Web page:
From My Window: From new hospital to fish fry—impressive work done

By sean mcmahon
T he weekend was beautiful for those who spent most of the time outdoors—with the exception of a good part of the crowd present for the last 15 minutes of the dedication and setting of the cornerstone at the new Pioneers Medical Center east of Meeker.
I have always been interested in the history of the Masons and their ties to the Holy Grail (Christ’s chalice from the Last Supper) and cornerstones. For centuries the Masons have been the entity that lays these landmark plates into the lower levels of buildings all over towns and cities, large and small, all over the planet.
I do not know how many there are in Meeker, but a fair number of the older buildings in Meeker and Rangely bear cornerstones, and I had always kind of wondered how they got there.
Meeker Masonic Lodge No. 80, AF&AM, laid the cornerstone on Saturday afternoon at the new Pioneers Medical Center in front of a crowd of roughly 300 people.
The ceremony was led by the top Mason in the state of Colorado—Most Worshipful Brother Dexter D. Koons, the Grand Master of Ancient, Free and Accepted Masons of Colorado. The rest of the ceremony passed back and forth between state Masonic officials and local Masonic officials, following ancient rules and traditions dating back many centuries.
Eventually, Meeker Mason Chuck Mills set the cornerstone in masterful manner, entombing a time capsule behind the stone in all of 10 minutes, getting the cement where it needed to go on all four sides of the stone, packing it in firmly. Mills was quick, capable and seemed to get it all right for the cornerstone to remain in place for at many decades to come.
The Masons in attendance put on a good show. They looked sharp in their black coats, their white tool belts and many wearing their jewels/chains of office.
They showed that the Masons are not dying off, as has been stated in some small and some not-so-small towns, and they should be proud of their appearance, their ceremony and their future.
They added tremendously to a celebration of the new Pioneers Medical Center, a facility that all Meekerites should be proud of for its new services, the facility itself and the safer, more comfortable interior and exterior—now, and, more importantly, for many years to come.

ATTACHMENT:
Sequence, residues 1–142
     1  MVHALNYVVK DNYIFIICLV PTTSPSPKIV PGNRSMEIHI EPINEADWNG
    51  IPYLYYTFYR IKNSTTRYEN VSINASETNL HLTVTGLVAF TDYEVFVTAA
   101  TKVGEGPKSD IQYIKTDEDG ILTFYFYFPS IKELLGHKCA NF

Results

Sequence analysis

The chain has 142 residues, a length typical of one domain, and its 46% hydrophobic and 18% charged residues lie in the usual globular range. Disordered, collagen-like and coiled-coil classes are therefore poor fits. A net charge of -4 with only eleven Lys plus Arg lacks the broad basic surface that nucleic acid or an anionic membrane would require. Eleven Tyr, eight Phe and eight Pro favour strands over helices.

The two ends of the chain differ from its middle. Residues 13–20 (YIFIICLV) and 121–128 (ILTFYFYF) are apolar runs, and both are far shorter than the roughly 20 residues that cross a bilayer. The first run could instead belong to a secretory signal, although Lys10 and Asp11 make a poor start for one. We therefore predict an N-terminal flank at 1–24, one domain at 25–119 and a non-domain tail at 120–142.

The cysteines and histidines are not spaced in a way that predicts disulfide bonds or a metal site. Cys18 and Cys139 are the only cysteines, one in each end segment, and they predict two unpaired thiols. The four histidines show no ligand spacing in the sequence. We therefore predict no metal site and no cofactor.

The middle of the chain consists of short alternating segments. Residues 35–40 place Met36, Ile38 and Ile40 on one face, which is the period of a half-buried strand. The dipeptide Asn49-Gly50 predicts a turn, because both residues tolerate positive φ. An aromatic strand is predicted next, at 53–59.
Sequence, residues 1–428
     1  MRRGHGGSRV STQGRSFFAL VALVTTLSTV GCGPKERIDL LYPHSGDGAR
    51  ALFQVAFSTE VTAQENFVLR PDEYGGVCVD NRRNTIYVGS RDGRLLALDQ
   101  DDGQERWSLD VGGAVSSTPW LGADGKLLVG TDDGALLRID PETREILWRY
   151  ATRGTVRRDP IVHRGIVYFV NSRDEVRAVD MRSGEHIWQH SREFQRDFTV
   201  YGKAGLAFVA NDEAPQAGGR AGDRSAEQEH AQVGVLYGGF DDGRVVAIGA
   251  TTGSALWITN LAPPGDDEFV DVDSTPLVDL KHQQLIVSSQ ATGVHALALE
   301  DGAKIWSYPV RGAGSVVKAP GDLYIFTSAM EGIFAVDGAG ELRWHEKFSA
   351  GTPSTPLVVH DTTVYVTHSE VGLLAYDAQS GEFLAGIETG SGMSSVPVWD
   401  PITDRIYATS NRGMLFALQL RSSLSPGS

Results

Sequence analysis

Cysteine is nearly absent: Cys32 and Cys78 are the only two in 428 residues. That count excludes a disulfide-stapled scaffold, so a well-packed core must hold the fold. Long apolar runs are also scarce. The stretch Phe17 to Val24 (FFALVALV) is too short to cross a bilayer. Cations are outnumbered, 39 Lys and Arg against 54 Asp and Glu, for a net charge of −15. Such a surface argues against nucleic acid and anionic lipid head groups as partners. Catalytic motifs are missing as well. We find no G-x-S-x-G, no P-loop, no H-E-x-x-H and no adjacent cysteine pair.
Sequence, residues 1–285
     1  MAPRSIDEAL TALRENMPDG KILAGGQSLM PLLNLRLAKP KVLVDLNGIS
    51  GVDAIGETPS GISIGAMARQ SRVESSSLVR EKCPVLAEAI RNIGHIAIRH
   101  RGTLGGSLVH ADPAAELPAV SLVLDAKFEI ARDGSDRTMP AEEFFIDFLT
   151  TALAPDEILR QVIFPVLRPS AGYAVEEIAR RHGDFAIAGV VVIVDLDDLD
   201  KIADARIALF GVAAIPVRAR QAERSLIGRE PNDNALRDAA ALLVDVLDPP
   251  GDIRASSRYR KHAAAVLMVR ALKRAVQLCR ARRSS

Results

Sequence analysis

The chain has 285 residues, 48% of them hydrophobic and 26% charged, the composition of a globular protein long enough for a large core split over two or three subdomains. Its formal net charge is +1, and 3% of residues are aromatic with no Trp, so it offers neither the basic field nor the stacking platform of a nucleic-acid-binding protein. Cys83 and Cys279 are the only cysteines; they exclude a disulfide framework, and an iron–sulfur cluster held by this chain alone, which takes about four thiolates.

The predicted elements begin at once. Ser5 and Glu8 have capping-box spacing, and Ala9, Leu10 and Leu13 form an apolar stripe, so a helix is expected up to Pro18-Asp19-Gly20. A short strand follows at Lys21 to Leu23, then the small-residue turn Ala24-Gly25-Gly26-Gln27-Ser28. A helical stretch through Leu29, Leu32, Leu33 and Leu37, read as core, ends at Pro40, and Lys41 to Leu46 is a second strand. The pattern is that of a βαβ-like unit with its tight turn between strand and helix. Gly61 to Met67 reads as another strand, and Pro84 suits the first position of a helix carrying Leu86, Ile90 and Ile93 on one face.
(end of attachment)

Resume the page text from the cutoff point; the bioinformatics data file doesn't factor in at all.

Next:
Those at the Meeker Healthcare Foundation have had the foresight to act now to build the new Pioneers Medical Center, and those who work at the hospital should be darned proud of the new and improved and expanded facility.
And the Walbridge Wing is almost homey and attractive enough to make me want to move in a little early.
A job well done, folks.

Unfortunately, also scheduled for Saturday afternoon/evening from 4 to 6 p.m. was the Buford School Fish Fry, put on annually by the White River Community Association to raise money for the historic Buford School’s upkeep and restoration.
Roughly 200 people took part in the fish fry, where the star of the show was at least 200 pounds of white fish caught a couple months ago during a fishing derby for white fish in the White River.
I thought of myself as a decent fisherman who grew up in Colorado, but until I returned to the state roughly two and half years ago, I had never heard of or caught a white fish.
I must have been fishing in non-white fish waters in other parts of the state.
But the white fish were, for the third straight year, really good food. A couple of the smaller pieces I had were mildly bony, but the bones could easily be taken out and disposed of, which left some pretty darned good fish.
The only thing as good as the fish was the wide assortment of cornbreads, salads, etc., and my favorite of all, which was a polenta with jalapenos. It was warm, but not hot, and it was just perfect for an accompaniment to the fish.
But likely the highlight of the annual fish fry was the dessert table. Every time you walked by the table, there was something new and diet-crashing.
There were huckleberries in a sauce I ate by itself and other folks put over their cornbread. There was a chocolate layer cake to die for, and my favorite, which was a single-level carrot cake without nuts. There was also a carrot cake with nuts, but my favorite prevailed. There were brownies, pies, peanut butter cookies, sugar cookies, etc.—all delicious and often decadent.
It was a great spring feast, and, unlike the festivities earlier in the afternoon at the hospital, the good, sunny weather held on until the end.